So there wasn’t any jurisdiction over these practices by the Supreme Court until the middle of the 20th century.
Second, there had been conflicts in America back to the middle of the 19th century about religious ceremonies in public schools – Protestants versus Catholics.
It would be very unusual in a commencement to give students that authority, unless it was part of some elaborate plan in which the administration was involved, in which case the administration would be responsible for the content of what was said by that outside speaker. Forum: What are the rules for a public university or a private university, and then let’s consider the members of a third category – the military academies?
Lupu: The cases so far about public universities have permitted nonsectarian invocations at universities on the theory that students are older or less impressionable and therefore less subject to coercion or of having a feeling of coercion. That’s coercion, and, likewise, a supper prayer at the Virginia Military Institute was recently held unconstitutional.
But because was focused on coercion, the courts that have addressed this public university issue have been able to distinguish the cases and essentially treat public university commencements as not very different from other public ceremonies – the inaugurations of presidents or mayors or governors, for example – where sometimes, likewise, there will be an invocation or benediction, which we have tended to permit in this culture, including in the law, as somehow serving a kind of ceremonial – historical ceremonial – function. The commencement prayers have this quality of ceremony because they are marking commencement – the same way inaugurations are ceremonies – but when it’s a daily exercise, it doesn’t feel ceremonial the same way.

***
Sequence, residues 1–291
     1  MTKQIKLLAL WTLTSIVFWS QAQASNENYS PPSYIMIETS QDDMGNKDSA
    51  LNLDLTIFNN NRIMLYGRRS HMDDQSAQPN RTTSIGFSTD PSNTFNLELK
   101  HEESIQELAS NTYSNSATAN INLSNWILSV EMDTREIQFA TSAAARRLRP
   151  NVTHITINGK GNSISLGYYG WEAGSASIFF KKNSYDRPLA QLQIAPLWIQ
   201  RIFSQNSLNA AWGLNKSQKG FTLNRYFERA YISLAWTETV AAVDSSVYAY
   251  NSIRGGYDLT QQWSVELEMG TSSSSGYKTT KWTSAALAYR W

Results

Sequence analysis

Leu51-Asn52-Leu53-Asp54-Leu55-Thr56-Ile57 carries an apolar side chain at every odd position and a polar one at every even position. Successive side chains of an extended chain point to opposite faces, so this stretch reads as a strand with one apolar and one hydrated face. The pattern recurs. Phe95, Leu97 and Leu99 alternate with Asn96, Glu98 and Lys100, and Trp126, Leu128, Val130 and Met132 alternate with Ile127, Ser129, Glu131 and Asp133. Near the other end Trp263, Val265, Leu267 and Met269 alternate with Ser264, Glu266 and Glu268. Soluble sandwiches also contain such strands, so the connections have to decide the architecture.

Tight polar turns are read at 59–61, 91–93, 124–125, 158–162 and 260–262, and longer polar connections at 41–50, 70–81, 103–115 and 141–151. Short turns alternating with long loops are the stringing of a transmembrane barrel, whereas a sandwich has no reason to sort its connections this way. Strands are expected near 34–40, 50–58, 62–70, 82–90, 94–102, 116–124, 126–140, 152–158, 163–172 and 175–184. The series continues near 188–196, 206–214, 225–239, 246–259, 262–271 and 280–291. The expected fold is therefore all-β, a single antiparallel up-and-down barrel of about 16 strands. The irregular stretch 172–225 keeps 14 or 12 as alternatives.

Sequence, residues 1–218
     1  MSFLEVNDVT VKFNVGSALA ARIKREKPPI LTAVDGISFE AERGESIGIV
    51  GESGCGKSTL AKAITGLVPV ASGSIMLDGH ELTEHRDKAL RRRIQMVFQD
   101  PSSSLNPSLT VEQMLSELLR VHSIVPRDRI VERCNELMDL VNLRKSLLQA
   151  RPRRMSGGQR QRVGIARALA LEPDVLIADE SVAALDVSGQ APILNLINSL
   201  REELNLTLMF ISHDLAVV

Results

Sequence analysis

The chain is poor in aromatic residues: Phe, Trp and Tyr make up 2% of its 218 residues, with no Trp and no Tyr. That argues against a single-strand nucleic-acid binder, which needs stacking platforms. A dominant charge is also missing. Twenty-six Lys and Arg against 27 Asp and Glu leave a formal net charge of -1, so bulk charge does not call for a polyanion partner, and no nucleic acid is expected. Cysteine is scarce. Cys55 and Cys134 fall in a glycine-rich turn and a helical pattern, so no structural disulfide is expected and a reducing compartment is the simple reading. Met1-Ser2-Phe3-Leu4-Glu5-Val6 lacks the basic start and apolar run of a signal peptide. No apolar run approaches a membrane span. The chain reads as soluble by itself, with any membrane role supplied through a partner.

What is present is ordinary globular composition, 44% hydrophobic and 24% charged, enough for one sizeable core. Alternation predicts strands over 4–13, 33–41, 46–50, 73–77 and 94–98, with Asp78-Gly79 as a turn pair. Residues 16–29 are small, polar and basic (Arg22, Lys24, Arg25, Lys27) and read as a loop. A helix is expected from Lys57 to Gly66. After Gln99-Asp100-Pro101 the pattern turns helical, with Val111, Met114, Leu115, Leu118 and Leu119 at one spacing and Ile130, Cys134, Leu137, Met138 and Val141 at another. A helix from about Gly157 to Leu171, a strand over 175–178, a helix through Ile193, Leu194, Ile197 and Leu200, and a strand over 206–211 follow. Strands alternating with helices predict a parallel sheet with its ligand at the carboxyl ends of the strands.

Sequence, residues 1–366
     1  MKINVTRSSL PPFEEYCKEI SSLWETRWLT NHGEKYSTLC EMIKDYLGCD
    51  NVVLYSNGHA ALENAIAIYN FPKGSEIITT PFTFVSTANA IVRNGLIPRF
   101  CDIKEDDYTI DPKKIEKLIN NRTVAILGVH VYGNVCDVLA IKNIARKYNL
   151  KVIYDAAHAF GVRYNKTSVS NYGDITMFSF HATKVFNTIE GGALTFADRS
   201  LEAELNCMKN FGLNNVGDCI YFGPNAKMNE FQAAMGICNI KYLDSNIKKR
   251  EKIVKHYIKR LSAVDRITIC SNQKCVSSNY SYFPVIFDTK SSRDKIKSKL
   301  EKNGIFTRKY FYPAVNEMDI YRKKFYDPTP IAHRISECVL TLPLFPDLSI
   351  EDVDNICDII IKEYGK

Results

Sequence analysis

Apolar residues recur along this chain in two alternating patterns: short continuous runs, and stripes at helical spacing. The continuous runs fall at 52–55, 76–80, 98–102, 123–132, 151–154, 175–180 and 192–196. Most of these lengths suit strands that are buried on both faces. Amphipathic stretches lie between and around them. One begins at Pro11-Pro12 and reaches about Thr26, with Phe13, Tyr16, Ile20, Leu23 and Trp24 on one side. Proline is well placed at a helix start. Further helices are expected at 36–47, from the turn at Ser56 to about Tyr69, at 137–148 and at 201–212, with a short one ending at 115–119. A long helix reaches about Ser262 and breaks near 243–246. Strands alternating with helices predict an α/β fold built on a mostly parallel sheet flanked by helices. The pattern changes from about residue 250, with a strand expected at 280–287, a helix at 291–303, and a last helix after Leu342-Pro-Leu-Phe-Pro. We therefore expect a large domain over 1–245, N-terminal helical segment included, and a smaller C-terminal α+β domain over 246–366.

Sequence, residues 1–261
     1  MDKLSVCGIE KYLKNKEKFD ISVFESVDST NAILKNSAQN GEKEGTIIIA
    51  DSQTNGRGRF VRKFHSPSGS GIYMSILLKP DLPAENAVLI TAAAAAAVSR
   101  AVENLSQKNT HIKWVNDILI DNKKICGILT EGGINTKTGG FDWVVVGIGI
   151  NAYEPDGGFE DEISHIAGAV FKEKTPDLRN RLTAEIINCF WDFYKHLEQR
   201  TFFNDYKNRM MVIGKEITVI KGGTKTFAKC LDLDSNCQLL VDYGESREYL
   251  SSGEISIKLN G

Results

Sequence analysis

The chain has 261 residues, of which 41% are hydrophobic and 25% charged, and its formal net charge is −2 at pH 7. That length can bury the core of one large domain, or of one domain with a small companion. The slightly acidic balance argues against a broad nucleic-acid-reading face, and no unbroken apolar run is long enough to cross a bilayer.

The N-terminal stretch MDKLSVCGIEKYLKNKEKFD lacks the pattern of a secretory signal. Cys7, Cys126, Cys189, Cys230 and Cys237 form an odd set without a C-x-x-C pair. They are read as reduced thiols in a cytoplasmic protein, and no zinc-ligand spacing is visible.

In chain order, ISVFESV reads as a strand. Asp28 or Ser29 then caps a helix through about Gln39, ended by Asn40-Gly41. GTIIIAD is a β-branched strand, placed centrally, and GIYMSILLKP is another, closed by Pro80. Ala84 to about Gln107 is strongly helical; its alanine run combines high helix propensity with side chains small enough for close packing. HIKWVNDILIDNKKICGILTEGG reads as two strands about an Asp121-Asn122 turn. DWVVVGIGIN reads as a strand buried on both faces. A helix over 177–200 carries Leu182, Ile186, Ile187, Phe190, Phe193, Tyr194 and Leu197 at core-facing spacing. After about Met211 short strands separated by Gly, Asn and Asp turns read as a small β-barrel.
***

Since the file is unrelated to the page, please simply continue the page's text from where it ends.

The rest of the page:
So the university commencement is sort of the bridge case between the high school commencement (prayer not allowed) and the inauguration (prayer allowed). It feels like it’s being made part of your ordinary and regular life to say the supper prayer.That’s the backdrop for the school prayer cases in the early 1960s.This was the deal that the courts made: We’re not going to pay for your separate schools.You had this kind of Protestant religious expression in the schools.And Catholics protested this and said, “We need to start our own schools; would you please pay for it?If coercion is the operative theory here, then perhaps that distinction is sensible. People did not have to eat, but they had to attend.If the operative theory is the government should not have a religious voice, which is a stronger, more sweeping theory, there’s no reason to treat university commencements differently from high school commencements. All the cadets were there, and there would be a prayer recitation – not a commencement, right?Spring is the season for school graduations, and graduation ceremonies play a featured role in the national debate over the place of religion in public education.Is a clergyman’s benediction at a public school event a violation of the separation of church and state? If you had started with the principal or someone else who is without doubt an employee, agent or representative of the school or the school board – that might be the principal, that might be the chairman of the school board or some other public official, such as a mayor, or someone who is there to preside – then I would say it’s quite straightforward — not based on those 1960s cases alone, but based on a 1992 decision called . Lupu: There’s more than one way to answer that question. It was that anyone who is at the ceremony is going to feel compelled to participate. To say “submitting to it” would be too strong, but that’s what they’re being asked to do.And the conventional pattern was that it was a Protestant prayer or Protestant Bible reading that was going on in the public schools in a great many states.And in a great many places authorities thought of it as nonsectarian because all Protestants could comfortably say it.